{30}     Unlike the Court of Appeals, however, we do find that quality of life concerns expressed during the hearing bear a relationship to environmental regulations the Secretary is charged with administering.  Although both parties refer to the issues on appeal in a wide variety of ways, including "social impact," "sociological concerns," "social well-being," and "environmental justice," we believe there are legitimate concerns at the core of CDC's claim that are within the purview of the Secretary's oversight role.  Contrary to the Department's position, the impact on the community from a specific environmental act,  the proliferation of landfills, appears highly relevant to the permit process.

{31}     As we have discussed, the regulations implementing the Solid Waste Act demand more from the Department than mere technical oversight.  The regulations regarding permit issuance direct the Secretary to issue a permit if the applicant fulfills the technical requirements and "the solid waste facility application demonstrates that neither a hazard to public health, welfare, or the environment nor undue risk to property will result." NMAC; see also NMAC (providing that a specific cause for denying a permit application is a determination that the permitted activity endangers public health, welfare or the environment).  The regulations also require all solid waste facilities to be located and operated "in a manner that does not cause a public nuisance or create a potential hazard to public health, welfare or the environment." NMAC (2001).  The regulations do not limit the Secretary's review to technical regulations, but clearly extend to the impact on public health or welfare resulting from the environmental effects of a proposed permit.  Cf. El Dorado at Santa Fe, Inc. v. Bd. of County Comm'rs, 89 N.M. 313, 318, 551 P.2d 1360, 1365 (1976) (concluding that under the applicable subdivision statutes, nothing remained for the county board to do but the ministerial act of endorsing approval of plats that complied with all statutory requirements).

{32}     Landfill opponents presented testimony that Chaparral is a residential, low income border community that is being overrun by industrial sites including numerous pre-existing landfills.  If this is true, we think it is reasonable for the Department to consider whether the cumulative effects of pollution, exacerbated by the incidences of poverty, may rise to the level of a public nuisance or hazard to public health, welfare, or the environment.4  If proliferation has an identified effect on the community's development and social well-being, it is not an amorphous general welfare issue, but an environmental problem.  The adverse impact of the proliferation of landfills on a community's quality of life is well within the boundaries of environmental protection.  Thus, the testimony regarding the impact of the proliferation of landfills is relevant within the context of environmental protection promised in the Solid Waste Act and its regulations.  For that reason, the Secretary must evaluate whether the impact of an additional landfill on a community's quality of life creates a public nuisance or hazard to public health, welfare, or the environment.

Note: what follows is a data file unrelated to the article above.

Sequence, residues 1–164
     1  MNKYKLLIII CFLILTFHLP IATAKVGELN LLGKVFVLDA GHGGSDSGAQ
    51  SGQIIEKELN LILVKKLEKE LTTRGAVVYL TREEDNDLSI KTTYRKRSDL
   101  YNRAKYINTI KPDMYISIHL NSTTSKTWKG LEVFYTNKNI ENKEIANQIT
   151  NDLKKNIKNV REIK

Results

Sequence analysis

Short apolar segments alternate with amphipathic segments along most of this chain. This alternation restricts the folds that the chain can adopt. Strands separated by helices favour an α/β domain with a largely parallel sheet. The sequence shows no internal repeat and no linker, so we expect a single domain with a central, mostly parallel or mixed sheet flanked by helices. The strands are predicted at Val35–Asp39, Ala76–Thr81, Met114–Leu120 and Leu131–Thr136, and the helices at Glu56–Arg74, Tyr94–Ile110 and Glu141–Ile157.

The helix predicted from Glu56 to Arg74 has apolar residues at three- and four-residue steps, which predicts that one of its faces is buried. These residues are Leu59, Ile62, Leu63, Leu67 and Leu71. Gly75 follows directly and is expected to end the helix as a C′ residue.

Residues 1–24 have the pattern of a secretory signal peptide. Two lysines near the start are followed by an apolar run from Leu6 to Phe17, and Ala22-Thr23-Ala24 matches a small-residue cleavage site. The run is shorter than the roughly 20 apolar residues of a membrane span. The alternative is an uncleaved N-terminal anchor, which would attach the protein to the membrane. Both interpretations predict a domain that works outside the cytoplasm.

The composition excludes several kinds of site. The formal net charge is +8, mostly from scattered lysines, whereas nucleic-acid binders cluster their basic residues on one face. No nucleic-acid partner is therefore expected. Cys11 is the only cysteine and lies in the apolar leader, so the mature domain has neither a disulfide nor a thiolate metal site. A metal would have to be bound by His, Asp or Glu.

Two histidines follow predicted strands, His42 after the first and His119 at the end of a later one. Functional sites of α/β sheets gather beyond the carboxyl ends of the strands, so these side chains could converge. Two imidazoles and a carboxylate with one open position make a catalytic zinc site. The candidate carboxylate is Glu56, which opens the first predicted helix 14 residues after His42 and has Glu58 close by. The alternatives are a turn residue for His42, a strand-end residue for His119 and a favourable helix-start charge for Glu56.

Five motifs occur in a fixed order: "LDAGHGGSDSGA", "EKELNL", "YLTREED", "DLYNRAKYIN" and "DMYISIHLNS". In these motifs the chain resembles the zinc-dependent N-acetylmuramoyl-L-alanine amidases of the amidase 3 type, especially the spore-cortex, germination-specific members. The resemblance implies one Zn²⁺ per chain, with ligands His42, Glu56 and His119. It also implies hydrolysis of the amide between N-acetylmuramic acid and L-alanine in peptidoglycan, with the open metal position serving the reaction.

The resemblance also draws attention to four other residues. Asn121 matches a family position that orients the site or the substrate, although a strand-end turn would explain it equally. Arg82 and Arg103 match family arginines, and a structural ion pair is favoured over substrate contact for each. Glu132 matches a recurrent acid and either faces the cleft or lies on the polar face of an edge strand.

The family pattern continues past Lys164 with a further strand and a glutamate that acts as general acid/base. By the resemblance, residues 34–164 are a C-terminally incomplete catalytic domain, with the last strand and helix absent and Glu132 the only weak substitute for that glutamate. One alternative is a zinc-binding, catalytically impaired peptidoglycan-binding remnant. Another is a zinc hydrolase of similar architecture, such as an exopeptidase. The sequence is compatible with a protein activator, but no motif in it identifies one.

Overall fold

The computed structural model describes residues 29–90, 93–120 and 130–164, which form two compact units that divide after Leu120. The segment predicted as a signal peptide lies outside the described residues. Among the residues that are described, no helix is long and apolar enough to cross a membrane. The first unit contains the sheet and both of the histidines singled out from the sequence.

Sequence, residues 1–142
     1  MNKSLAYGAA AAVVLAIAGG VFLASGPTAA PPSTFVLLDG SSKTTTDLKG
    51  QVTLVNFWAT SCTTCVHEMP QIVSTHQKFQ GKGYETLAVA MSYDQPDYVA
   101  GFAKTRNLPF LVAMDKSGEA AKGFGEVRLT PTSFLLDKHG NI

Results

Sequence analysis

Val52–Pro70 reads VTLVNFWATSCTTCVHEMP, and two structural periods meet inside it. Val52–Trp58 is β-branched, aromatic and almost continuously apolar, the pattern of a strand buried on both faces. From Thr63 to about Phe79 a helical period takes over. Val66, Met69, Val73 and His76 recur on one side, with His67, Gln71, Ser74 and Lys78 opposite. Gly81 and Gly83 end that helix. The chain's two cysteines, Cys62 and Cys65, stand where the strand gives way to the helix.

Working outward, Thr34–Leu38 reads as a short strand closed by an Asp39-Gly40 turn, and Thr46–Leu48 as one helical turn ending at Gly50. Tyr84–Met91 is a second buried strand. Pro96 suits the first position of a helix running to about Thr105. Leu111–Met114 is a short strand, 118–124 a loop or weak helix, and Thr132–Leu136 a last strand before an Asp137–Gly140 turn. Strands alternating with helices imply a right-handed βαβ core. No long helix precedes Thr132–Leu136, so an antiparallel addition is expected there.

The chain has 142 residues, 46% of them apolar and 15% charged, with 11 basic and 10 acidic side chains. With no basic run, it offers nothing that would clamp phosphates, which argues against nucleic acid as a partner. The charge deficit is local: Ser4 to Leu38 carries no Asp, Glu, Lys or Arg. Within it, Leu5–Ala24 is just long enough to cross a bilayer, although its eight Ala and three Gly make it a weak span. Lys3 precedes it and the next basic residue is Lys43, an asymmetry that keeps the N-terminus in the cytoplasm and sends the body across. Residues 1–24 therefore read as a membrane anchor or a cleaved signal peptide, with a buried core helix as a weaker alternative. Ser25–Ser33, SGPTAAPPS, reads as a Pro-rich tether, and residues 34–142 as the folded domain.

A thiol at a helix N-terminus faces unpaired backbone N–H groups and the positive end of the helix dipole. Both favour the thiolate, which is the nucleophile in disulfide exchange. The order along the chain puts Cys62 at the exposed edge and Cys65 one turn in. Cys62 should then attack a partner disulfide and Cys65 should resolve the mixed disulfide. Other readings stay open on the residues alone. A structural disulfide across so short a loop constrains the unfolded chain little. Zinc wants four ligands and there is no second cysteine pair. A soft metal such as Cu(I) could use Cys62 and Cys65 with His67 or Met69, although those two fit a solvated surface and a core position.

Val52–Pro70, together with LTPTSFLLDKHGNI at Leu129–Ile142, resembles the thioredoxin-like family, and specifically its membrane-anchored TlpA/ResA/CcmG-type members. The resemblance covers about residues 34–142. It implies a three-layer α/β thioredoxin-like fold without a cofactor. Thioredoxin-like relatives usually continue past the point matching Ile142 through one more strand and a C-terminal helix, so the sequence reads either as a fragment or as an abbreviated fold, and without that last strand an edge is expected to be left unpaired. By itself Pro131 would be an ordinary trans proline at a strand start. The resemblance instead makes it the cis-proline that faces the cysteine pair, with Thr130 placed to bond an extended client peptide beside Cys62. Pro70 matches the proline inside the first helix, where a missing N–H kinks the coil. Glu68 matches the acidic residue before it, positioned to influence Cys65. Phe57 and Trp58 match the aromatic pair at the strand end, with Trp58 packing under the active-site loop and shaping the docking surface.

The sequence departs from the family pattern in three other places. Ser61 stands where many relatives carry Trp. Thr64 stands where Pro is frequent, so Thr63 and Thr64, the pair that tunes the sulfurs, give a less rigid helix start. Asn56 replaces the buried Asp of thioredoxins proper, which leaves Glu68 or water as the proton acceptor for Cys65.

{33}     The Department concluded as a matter of law that granting the permit would not result in a public nuisance or a hazard to public health, welfare or the environment.  These conclusions, however, were made only after the Department incorrectly found that lay testimony relating to living near multiple disposal facilities was beyond the scope of the Secretary's authority for granting or denying a landfill.  In our view, the Department's own regulations not only allow, but require consideration of the cumulative effect of large-scale garbage dumps and industrial sites on a single community.

{34}     As the regulations indicate, the Department cannot ignore concerns that relate to environmental protection simply because they are not mentioned in a technical regulation.  The Department has a duty to interpret its regulations liberally in order to realize the purposes of the Acts.  See Atlixco Coalition v. Maggiore, 1998-NMCA-134, ¶ 15, 125 N.M. 786, 965 P.2d 370.  Because the impact of the proliferation of landfills and industrial sites on a community is relevant to environmental protection, we conclude that the Solid Waste Act and its regulations require the Department to consider whether evidence of the harmful effects from the cumulative impact of industrial development rises to the level of a public nuisance or potential hazard to public health, welfare or the environment.  Cf. City of Santa Fe, 73 N.M. at 412-15, 389 P.2d at 14-17 (holding that an ordinance creating an historical district and requiring new buildings harmonize with existing structures was within the scope of the enabling statute allowing municipalities to zone consistently with a comprehensive plan "to promote the health and general welfare").